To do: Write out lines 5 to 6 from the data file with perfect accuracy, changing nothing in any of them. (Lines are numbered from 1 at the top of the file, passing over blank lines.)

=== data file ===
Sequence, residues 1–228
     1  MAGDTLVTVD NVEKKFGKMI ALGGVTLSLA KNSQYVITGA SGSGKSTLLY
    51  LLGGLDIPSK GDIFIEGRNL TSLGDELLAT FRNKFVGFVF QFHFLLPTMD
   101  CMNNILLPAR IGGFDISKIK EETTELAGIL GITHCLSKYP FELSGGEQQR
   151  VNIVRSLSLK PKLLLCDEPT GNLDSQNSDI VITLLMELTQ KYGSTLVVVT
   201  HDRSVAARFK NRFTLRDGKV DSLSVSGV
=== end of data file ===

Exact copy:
   151  VNIVRSLSLK PKLLLCDEPT GNLDSQNSDI VITLLMELTQ KYGSTLVVVT
   201  HDRSVAARFK NRFTLRDGKV DSLSVSGV